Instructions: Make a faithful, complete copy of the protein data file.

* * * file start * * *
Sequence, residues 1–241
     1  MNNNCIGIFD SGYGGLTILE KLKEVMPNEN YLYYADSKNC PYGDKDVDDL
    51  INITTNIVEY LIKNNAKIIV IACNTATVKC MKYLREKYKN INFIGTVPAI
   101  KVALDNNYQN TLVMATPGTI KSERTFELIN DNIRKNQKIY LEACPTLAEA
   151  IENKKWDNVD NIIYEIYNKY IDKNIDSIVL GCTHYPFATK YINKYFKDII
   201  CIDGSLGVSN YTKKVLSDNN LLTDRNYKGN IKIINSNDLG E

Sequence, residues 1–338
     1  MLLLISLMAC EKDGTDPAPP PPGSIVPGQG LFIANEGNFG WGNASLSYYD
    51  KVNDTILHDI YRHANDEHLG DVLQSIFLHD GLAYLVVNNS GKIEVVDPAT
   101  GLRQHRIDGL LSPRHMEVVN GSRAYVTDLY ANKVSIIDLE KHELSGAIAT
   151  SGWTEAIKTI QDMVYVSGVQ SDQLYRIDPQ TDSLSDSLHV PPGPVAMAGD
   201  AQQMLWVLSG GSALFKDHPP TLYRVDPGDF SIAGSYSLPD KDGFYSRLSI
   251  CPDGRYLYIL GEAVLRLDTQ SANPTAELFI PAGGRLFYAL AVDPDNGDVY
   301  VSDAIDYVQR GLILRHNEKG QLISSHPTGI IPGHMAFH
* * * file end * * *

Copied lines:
Sequence, residues 1–241
     1  MNNNCIGIFD SGYGGLTILE KLKEVMPNEN YLYYADSKNC PYGDKDVDDL
    51  INITTNIVEY LIKNNAKIIV IACNTATVKC MKYLREKYKN INFIGTVPAI
   101  KVALDNNYQN TLVMATPGTI KSERTFELIN DNIRKNQKIY LEACPTLAEA
   151  IENKKWDNVD NIIYEIYNKY IDKNIDSIVL GCTHYPFATK YINKYFKDII
   201  CIDGSLGVSN YTKKVLSDNN LLTDRNYKGN IKIINSNDLG E

Sequence, residues 1–338
     1  MLLLISLMAC EKDGTDPAPP PPGSIVPGQG LFIANEGNFG WGNASLSYYD
    51  KVNDTILHDI YRHANDEHLG DVLQSIFLHD GLAYLVVNNS GKIEVVDPAT
   101  GLRQHRIDGL LSPRHMEVVN GSRAYVTDLY ANKVSIIDLE KHELSGAIAT
   151  SGWTEAIKTI QDMVYVSGVQ SDQLYRIDPQ TDSLSDSLHV PPGPVAMAGD
   201  AQQMLWVLSG GSALFKDHPP TLYRVDPGDF SIAGSYSLPD KDGFYSRLSI
   251  CPDGRYLYIL GEAVLRLDTQ SANPTAELFI PAGGRLFYAL AVDPDNGDVY
   301  VSDAIDYVQR GLILRHNEKG QLISSHPTGI IPGHMAFH